That TMZ photo of Rhianna’s face, bruised and swollen from the alleged Chris Brown domestic violence incident, has brought up some really important relationship issues. I think that simple arguing leads to real violence more commonly in young relationships than people care to admit. It can happen to anyone, and it is not a simple issue.
The fact that there are rumors of them getting back together really show how complex an abusive relationship can be. Sometimes there are strong, overt signs that a relationship is dangerous and that it’s time to leave, but what about the more subtle signs?
Your partner doesn’t have to beat you up for a relationship to be abusive. Are you wondering if your own relationship might be on the brink of being physically or emotionally damaging? Read these seven warning signs and see if any ring true.
He or she isolates you from your friends and family. Has your contact with the people you love dwindled since your relationship began? Does he or she get unreasonably jealous of the time you spend with your loved ones? Are you made to feel punished for engaging in social activities that exclude your partner? Does he or she make your friends and family feel unwelcome?
All of these are signs that your partner may be trying to isolate you and force you to become increasingly dependent on them for all of your social needs. It is a way of taking you away from loved ones, especially those who might not approve of your partner, and of controlling who you allow in your life. You have the right to decide how much time you spend with people you love in your life, not anyone else.
2.) Irrational Jealousy.
He or she is consistently paranoid and jealous. Does your partner get insanely jealous over nothing? Do they forbid you to maintain innocent friendships because they don’t believe they are innocent? Do they try to control what you wear because they don’t want you to look “too sexy”? Are you constantly accused of “flirting” when you are just talking to someone?
This type of unreasonable jealousy is another sign that your partner’s insecurities and need to control may be manifesting in unhealthy ways. Not only is jealousy annoying, it can be dangerous.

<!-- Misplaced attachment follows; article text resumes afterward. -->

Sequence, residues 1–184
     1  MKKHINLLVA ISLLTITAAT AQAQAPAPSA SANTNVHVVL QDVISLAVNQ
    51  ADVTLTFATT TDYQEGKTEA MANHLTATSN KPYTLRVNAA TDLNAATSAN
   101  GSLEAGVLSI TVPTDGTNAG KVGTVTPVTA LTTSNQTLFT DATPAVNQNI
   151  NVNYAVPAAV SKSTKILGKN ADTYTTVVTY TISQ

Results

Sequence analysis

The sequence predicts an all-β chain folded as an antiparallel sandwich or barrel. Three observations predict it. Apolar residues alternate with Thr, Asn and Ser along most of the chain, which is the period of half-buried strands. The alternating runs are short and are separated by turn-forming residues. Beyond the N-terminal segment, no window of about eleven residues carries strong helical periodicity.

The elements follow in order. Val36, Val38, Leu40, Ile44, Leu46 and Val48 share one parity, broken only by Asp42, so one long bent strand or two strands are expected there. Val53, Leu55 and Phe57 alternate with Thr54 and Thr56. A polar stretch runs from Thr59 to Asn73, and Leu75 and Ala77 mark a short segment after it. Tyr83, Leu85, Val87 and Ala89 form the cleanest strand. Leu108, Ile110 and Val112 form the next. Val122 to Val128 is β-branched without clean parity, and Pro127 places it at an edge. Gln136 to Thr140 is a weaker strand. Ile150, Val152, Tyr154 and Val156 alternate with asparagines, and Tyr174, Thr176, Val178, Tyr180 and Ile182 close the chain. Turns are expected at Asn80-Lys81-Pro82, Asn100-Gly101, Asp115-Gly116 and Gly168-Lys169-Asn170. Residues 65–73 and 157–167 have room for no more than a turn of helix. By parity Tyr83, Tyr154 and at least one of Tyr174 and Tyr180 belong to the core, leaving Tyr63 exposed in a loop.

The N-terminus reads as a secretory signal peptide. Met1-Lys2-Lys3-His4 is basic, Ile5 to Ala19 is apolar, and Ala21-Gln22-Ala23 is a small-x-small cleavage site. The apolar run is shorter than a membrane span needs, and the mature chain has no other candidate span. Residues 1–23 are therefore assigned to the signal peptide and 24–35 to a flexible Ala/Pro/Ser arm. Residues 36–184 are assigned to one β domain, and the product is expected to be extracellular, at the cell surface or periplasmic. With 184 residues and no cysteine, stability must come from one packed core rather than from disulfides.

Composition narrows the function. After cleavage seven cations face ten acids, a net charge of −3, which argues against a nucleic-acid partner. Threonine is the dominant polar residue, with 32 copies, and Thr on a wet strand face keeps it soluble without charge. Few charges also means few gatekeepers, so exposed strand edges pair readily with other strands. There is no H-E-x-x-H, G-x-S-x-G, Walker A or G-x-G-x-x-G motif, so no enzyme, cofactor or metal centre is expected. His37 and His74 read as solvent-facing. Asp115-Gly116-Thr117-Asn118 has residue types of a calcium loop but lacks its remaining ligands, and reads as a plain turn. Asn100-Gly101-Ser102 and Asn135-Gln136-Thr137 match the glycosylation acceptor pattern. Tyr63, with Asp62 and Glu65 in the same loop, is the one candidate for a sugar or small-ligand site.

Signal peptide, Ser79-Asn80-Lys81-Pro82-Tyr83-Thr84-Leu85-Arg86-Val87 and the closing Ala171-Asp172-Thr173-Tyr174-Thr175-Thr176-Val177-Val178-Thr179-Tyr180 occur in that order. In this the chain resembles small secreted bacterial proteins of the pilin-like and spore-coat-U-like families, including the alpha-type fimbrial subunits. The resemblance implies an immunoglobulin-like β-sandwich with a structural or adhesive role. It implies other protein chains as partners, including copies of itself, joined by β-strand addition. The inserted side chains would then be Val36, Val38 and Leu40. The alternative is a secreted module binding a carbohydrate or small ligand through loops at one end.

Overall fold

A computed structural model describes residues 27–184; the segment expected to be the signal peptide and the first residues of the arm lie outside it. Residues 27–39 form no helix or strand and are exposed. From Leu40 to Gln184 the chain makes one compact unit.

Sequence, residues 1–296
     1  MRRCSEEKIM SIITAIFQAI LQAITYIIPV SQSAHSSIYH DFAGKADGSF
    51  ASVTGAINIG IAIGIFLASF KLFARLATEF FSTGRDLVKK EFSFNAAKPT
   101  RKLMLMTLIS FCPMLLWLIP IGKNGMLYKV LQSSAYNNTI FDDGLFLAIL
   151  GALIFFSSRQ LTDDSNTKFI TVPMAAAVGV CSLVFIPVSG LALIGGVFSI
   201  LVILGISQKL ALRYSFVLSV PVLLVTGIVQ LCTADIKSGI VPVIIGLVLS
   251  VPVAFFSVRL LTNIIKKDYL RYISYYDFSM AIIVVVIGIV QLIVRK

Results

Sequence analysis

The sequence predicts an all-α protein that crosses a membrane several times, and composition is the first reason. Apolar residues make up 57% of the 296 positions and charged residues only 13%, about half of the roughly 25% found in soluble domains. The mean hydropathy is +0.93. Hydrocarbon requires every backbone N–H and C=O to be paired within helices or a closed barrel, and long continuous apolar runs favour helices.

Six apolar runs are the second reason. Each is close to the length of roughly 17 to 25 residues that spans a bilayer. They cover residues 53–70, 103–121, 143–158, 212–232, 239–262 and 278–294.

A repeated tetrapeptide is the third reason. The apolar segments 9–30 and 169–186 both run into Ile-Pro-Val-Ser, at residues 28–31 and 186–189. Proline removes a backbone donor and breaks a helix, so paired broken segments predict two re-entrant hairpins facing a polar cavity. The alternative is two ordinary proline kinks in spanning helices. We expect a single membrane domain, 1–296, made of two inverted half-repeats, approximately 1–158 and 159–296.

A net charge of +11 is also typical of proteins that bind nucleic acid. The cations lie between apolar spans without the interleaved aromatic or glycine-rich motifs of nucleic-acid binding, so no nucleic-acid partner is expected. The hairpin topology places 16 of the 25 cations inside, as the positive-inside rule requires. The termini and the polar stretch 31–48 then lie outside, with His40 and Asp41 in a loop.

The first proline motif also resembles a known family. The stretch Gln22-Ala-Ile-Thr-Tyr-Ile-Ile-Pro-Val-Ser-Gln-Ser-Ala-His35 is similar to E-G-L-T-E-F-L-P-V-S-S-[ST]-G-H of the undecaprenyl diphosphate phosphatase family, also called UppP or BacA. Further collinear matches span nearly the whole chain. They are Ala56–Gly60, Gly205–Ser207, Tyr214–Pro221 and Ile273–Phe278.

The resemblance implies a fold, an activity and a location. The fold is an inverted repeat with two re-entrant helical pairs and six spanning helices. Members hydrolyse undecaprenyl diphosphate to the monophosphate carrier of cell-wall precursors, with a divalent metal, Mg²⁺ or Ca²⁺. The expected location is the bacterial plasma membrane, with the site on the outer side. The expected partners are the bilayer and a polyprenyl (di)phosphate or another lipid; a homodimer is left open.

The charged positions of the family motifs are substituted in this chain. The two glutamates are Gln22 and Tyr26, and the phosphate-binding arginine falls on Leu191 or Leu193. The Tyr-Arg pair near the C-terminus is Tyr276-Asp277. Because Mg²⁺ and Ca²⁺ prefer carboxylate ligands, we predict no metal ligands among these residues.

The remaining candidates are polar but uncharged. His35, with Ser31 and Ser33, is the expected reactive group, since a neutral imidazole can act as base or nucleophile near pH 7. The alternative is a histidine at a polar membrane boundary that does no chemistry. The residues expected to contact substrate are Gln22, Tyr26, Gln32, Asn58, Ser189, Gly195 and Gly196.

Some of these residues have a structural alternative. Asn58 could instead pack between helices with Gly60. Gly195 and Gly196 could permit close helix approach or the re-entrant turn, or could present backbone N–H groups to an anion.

3.) A subtle presence of physical violence.
Obviously, if your partner seriously physically assaults you, you should get help immediately. Call the police or the National Domestic Violence Hotline at 1-800-799-SAFE(7233) or TTY 1-800-787-3224. Any type of physical violence has no place in a loving relationship. It is important to note that there are more subtle forms of violence that can be very serious and also indicators that a relationship is abusive. Does your partner threaten to hit you?
Punch or hit things near you? Throw things at you, push you, or break your things? I would say that 99% of long-term relationships have had an incident where the anger in the room is so fierce, that one or more of those things have happened. It’s complicated, and it’s hard to tell what’s “normal” and what’s going to eventually really hurt you. If a pattern is emerging, or if you are really nervous and reading this article because you are worried about your relationship, you should enlist some help from the pros. You have choices. Get help before it gets work.
Call the hotline mentioned above, or find counseling for you and/or your partner. Of course, you can also consider simply leaving the relationship before something seriously awful happens. According to the statistics, the violence only gets worse. There is no shame in getting professional help before it gets ugly and there is no shame in leaving because you don’t want to be in a violent relationship.
4.) Discounting, Minimizing, and Trivializing.